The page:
Diomedes himself feels that there is such danger for him also: he has already been “Damada the god” at the East. Nevertheless, at the moment of Theomachy, though he knows the way to become equal to his divine enemies – it would be enough to slaughter a Trojan captive with the words “I perform sacrifice to the god Diomedes” – the hero makes his final decision: “I am a human being! I will never be like YOU!” (i. e. like gods).
Nevertheless, at the end Diomedes in a sense becomes a god – but he is not a god demanding human sacrifices, but a god of new Golden Age of a new nomos, which is to become modern Europe. Valentinov accepts the well-established tradition, according to which Diomedes upon his return from the Trojan war was expelled from Argos by Aegiale and her lover Cometes and then came to Italy, where he founded several cities. Developing this tradition, Valentinov goes so far as to ascribe to Diomedes the foundation of all Greek colonies in Italy and even of Rome itself. Almost all Trojan war survivors – Odysseus, Sthenelus, Amphilochus, Aeneas, Helenus, both Greeks and Trojans – gathered in Italy under the reign of Diomedes, forgetting their former enmity. The novel ends with almost idyllic picture of the dawn of new civilization in Italian costs.
This is, much more than the first book, the book of the ancient world historian, aware of the global processes of the late Bronze Age collapse period and sharing this awareness with his young readers in novel format.
One of the main sources of Valentinov for the events near and around Troy is Chronicle of the Trojan War by Dictys of Crete. The book, published (and probably written) by a certain Q. Septimius in the 4th century AD, is probably the first known example of “secret history”, Valentinov’s favourite genre. Thersander’s death, for example, together with the fact that Thersander was buried by Diomedes, is taken by Valentinov from Dictys’ narrative (II, 2).
As we remember from A Hero Must Be Alone, the first novel of Oldie-Valentinov’s Achaean Cycle, human sacrifices are what can transform demi-god into the god or at least divine creature, which has nothing human about it. That was what Diomedes felt upon self-sacrifice of Uastis, in a state which was appreciated by those around him as a mortal illness: in his dream he was “Damada the god” of Eastern nomos, who sees from far above the catastrophe of the Western world, his native nomos, and feels his enormous power over human creatures of the Eastern one. Nevertheless, having come to his senses, he rejects this temptation indignantly: he doesn’t want to become a creature living on human sacrifices.
He chooses not only to stay human, but also to stay Greek, not barbarian. When in his victorious expedition against the greatest power of the East – Kemi, the Egypt – political reasons dictate him the necessity to destroy the city of Ashqelon for the sake of intimidation, though its citizens pleaded for peace, his Greek comrades refused to take part in it:
“– If you destroy Ashqelon, we will not serve you any more, Tydides! We do not want to serve DAMED... We are people, not beasts. We are Achaeans. We are Hellenes. – Hellas herself spoke with me. – We will not raise your sword, Tydides. We will leave. You can recruit a new army, make new friends, if you still need friends... – Hellas did not want such a prey. Hellas did not want such glory. Hellas did not want such power.”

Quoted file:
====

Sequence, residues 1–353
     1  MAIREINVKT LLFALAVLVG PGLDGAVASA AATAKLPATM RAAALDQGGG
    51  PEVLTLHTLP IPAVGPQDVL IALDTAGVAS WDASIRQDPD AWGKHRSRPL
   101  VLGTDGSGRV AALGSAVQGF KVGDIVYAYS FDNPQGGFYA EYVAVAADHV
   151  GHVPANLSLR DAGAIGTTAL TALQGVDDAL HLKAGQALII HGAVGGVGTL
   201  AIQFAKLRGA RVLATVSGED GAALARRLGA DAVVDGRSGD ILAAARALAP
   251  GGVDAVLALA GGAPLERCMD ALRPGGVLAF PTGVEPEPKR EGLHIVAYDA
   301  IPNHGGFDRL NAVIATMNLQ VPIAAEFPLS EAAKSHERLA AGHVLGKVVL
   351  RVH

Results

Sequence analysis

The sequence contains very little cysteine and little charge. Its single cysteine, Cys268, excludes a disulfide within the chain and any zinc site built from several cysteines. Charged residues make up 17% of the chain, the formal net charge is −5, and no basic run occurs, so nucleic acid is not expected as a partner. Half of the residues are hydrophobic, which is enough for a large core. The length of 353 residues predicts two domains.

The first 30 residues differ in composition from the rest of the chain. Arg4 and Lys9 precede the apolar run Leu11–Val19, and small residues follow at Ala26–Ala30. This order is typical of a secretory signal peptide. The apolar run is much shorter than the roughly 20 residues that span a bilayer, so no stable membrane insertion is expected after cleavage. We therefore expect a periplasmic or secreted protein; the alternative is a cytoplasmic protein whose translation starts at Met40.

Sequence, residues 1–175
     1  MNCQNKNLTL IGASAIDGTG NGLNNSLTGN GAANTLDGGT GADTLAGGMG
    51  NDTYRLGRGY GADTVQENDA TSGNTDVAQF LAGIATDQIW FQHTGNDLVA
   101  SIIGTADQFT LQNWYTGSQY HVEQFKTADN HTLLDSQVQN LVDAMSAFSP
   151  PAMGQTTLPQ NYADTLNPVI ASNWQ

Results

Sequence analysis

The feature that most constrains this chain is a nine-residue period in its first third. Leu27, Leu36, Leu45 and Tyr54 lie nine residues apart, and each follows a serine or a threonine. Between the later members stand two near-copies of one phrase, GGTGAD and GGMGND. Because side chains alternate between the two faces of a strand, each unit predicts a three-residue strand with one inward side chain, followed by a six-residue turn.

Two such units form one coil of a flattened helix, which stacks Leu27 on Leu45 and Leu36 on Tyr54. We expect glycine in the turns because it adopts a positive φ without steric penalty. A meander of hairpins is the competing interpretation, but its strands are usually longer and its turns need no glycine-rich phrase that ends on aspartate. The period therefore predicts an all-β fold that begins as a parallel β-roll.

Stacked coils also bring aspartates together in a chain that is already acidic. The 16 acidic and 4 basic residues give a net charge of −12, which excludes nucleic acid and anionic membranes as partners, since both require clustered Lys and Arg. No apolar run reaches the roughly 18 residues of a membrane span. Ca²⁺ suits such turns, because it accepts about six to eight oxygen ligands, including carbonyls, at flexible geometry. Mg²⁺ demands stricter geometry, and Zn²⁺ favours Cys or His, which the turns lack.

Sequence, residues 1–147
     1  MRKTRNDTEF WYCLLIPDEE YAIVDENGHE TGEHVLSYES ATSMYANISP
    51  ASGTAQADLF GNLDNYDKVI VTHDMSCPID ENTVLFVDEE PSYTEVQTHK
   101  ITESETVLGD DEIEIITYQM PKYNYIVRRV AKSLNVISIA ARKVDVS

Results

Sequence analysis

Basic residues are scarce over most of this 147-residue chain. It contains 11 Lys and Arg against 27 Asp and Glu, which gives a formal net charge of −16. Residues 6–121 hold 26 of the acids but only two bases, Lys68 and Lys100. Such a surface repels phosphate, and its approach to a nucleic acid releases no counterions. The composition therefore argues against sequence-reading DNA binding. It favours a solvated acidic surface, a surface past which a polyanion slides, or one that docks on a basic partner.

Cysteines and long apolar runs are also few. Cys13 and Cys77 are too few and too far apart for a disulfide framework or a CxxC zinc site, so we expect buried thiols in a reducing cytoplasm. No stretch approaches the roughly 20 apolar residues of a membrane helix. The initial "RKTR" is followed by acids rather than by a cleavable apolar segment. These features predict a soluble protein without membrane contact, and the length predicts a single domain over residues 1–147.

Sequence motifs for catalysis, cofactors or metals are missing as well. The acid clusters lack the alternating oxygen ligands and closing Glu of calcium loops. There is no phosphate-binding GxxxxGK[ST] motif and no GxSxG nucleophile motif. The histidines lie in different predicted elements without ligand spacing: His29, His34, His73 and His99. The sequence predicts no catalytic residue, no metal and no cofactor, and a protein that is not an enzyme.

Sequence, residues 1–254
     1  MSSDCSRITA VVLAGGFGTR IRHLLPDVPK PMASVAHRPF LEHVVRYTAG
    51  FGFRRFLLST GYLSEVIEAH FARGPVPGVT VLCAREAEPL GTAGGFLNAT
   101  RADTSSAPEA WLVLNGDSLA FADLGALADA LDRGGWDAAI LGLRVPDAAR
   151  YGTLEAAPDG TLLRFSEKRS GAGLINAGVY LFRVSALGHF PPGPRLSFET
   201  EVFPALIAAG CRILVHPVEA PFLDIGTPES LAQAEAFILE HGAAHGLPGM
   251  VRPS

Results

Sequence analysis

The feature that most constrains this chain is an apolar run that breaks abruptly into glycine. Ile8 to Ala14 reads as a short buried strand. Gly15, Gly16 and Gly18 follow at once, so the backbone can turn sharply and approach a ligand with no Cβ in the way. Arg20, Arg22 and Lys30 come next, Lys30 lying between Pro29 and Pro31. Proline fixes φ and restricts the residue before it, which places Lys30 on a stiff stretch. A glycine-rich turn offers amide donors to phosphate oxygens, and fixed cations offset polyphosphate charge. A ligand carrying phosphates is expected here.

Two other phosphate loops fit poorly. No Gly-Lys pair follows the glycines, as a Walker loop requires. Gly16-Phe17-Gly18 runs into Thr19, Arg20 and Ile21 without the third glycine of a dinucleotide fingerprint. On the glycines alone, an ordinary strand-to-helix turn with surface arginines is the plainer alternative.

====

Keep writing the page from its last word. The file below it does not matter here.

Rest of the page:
Diomedes lets his friend persuade him, and, what is more, ends his Eastern expedition and goes to Troy to join other Achaeans.
Therefore, the second book of the novel shows the way out from the circle of violence vividly depicted at the first book. This way out consists in valorization of civilized society values, such as value of human life, peace and humane attitude towards the enemy. These values are depicted as laying in the base of modern Western civilization, borne from the bitter experience of ancient wars and mass slaughters. Diomedes, the cursed exile, the son of Tydeus the Unforgiven, eventually finds his true home on the shores of Tiber by virtue of conscious acceptance of these values. “You can become accustomed to the peace as well as to the war,” – he says in his last encounter with Protesilaus, who, being, according to Oldie’s version of the myth, the last incarnation of Amphitryon, is the only hero who appears in all parts of Oldie-Valentinov’s Achaean Cycle and the most incarnation of the heroic age.
The themes of trauma, sex and love, taken from the first book, are developed along the same path. The teenager girl, who was raped by the hero in the first book, reappears as a majestic and haughty Eastern princess, “resembling golden idol rather than mortal women”, the mistress of Sthenelus, Diomedes’ best friend. Unrecognized by Diomedes, she attempts to kill him in revenge, but eventually kills his friend Euryalus, whom she has mistaken for Diomedes, and was killed herself. Sthenelus, revenging his beloved one, captured Argos and killed his wife Aegiale, thus depriving him from any hope of return. Nevertheless, this circle of violence is balanced by the final reconciliation: Diomedes makes peace with Aphrodite by means of love to Tzulijas, the daughter of the Hittite king and his former enemy.
The first book of Diomedes, the Son of Tydeus is described here.